Home / News / World /  There's a chance of a Covid vaccine but it cannot be taken for granted: UK PM

Amid the surging novel coronavirus cases in the country, British Prime Minister Boris Johnson said on Monday there were some hopeful signs that a vaccine would be secured for COVID-19, but he warned that the country must be realistic because it could not be taken for granted.

"There are some very hopeful signs not least from the Oxford AstraZeneca trials that are being conducted but as (the lawmaker asking the question) knows SARS took place 18 years ago, we still don't have a vaccine for SARS," he told parliament, reported Reuters.

"I don't wish to depress him but we must be realistic about this, there is a good chance of a vaccine but it cannot be taken for granted," the UK PM said.

Moreover, Johnson imposed a three-tiered system of further restrictions on parts of England including shutting pubs as the COVID-19 outbreak accelerates, though anger is rising at the cost of the curtailment of freedoms.

Johnson announced the new three-tier system in an attempt to standardise a patchwork of often complicated and confusing restrictions imposed across England. Lawmakers will vote on the move.

The lockdowns will include shutting pubs and bars in areas placed into the "very high" alert level from Wednesday. The other levels in the new system are "medium" and "high".

So far, Merseyside in northwest England is the only area in the highest risk category. Gyms, leisure centres, betting shops, adult gaming centres and casinos there will also close, Johnson said.

"We must act to save lives," Johnson told parliament, adding that he did not want another national lockdown and that he understood the frustrations of those chaffing at the "repressions of liberty".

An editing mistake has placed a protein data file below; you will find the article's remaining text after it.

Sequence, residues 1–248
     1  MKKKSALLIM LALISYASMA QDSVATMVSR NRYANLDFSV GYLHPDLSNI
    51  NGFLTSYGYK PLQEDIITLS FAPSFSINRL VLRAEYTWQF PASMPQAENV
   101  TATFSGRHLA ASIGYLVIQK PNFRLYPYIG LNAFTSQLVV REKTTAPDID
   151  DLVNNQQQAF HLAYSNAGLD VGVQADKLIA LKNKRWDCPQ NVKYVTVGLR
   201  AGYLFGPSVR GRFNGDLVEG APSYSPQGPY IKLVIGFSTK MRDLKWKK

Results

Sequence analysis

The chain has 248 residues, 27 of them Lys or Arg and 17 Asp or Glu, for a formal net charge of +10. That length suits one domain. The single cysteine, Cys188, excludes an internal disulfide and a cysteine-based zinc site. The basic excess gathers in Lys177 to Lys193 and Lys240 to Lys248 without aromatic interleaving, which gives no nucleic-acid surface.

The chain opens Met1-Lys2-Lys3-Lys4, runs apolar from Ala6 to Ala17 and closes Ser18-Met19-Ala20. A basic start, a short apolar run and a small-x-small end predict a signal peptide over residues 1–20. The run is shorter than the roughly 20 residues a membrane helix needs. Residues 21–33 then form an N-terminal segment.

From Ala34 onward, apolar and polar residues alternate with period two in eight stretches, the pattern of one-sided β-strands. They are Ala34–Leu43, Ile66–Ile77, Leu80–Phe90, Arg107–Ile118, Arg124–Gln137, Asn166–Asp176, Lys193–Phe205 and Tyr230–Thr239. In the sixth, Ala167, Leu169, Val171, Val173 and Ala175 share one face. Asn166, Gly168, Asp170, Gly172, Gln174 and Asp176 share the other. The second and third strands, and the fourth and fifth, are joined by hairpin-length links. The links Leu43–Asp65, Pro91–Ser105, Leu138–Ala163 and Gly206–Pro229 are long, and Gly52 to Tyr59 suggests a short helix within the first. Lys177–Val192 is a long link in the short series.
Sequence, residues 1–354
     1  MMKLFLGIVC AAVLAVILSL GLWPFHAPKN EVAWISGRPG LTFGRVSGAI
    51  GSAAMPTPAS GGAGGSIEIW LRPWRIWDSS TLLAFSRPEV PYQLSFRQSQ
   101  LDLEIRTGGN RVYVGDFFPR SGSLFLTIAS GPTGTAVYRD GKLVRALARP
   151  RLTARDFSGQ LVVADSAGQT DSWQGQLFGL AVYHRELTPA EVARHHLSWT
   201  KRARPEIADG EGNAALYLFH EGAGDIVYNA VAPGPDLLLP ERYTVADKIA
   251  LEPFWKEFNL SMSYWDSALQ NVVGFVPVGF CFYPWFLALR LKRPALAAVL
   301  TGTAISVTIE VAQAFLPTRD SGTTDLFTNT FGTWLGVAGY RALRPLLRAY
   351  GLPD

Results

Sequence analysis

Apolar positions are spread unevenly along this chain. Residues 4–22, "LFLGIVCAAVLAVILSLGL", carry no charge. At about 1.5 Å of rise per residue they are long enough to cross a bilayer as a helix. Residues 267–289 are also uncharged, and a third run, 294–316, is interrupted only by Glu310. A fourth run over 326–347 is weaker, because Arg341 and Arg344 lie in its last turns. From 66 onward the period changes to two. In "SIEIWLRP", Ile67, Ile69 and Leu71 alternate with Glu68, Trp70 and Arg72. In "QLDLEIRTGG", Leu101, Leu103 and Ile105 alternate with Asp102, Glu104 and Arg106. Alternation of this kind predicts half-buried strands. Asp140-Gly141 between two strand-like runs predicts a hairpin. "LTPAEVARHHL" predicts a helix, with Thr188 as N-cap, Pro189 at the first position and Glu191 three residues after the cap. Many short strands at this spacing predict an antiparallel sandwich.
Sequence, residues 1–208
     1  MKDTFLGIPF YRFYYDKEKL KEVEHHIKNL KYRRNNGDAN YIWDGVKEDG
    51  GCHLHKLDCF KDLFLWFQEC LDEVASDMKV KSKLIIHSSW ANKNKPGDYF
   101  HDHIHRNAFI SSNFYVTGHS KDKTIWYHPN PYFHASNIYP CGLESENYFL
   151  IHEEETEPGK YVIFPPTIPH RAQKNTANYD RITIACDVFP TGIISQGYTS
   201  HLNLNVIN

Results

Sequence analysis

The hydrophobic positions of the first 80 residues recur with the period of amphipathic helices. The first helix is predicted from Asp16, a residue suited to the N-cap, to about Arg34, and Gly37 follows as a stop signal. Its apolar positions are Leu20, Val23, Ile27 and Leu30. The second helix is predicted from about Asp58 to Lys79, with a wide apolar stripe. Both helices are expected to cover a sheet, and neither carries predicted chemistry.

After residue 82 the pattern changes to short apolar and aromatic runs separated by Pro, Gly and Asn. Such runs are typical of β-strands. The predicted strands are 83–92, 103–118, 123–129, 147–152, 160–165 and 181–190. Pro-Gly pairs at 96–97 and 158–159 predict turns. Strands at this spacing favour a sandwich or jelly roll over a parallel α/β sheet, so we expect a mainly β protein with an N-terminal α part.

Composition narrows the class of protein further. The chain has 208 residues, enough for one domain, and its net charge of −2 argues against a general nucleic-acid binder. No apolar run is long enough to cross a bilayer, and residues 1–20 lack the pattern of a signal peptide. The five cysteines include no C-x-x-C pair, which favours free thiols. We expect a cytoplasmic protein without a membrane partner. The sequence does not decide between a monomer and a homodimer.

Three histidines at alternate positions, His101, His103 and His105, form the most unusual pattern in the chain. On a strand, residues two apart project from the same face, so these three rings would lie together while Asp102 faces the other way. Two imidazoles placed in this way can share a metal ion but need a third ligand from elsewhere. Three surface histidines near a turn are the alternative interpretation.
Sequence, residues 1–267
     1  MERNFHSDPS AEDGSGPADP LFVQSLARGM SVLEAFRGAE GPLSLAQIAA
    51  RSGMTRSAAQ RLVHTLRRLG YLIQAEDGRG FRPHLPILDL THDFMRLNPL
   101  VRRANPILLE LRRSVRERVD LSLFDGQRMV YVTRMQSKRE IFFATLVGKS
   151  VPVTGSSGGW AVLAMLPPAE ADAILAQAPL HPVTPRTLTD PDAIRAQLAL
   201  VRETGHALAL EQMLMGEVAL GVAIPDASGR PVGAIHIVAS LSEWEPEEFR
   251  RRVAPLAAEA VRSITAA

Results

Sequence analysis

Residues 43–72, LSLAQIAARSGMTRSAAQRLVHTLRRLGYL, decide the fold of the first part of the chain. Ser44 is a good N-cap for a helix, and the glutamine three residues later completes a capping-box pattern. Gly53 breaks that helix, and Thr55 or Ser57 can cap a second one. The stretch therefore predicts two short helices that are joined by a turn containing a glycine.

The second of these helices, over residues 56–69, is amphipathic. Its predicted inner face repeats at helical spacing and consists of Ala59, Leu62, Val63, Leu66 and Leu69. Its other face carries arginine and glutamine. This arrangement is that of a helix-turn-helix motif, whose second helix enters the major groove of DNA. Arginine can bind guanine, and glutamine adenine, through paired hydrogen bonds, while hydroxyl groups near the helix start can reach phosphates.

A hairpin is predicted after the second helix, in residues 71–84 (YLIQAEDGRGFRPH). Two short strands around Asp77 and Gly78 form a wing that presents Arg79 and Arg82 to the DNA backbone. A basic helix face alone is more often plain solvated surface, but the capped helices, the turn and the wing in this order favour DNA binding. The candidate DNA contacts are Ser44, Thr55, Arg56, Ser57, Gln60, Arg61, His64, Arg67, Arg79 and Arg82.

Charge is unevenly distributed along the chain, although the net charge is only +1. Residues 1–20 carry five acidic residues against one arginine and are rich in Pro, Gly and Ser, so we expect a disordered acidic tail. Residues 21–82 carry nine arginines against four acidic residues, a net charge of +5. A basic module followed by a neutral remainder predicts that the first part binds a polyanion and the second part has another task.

"If we let the virus rip, then the bleak mathematics dictate that we would suffer not only an intolerable death toll from COVID, but we would put such a huge strain on our NHS with an uncontrolled second spike that our doctors and nurses would simply be unable to devote themselves to other treatments."

Health officials say the freshest data showed infections were rising across the north of England and in some more southerly areas too, while the virus was creeping up age bands towards the elderly from those aged 16-29 years.

Manchester intensive care consultant Jane Eddleston said 30% of critical care beds were taken up with COVID-19 patients and this was starting to affect healthcare for others.

"This is not how we want to live our lives but this is the narrow path we have to tread between the social and economic trauma of a full lockdown and massive human and indeed economic cost of an uncontained epidemic," Johnson said.

"The weeks and months ahead will continue to be difficult and will test the mettle of this country," he said.

But as millions of people across the United Kingdom grapple with restrictions, the hospitality sector says it is being brought to its knees by the government.

Some pub owners are contemplating legal action over the move to close pubs, saying Johnson had not produced the evidence to explain why they were being targetted.

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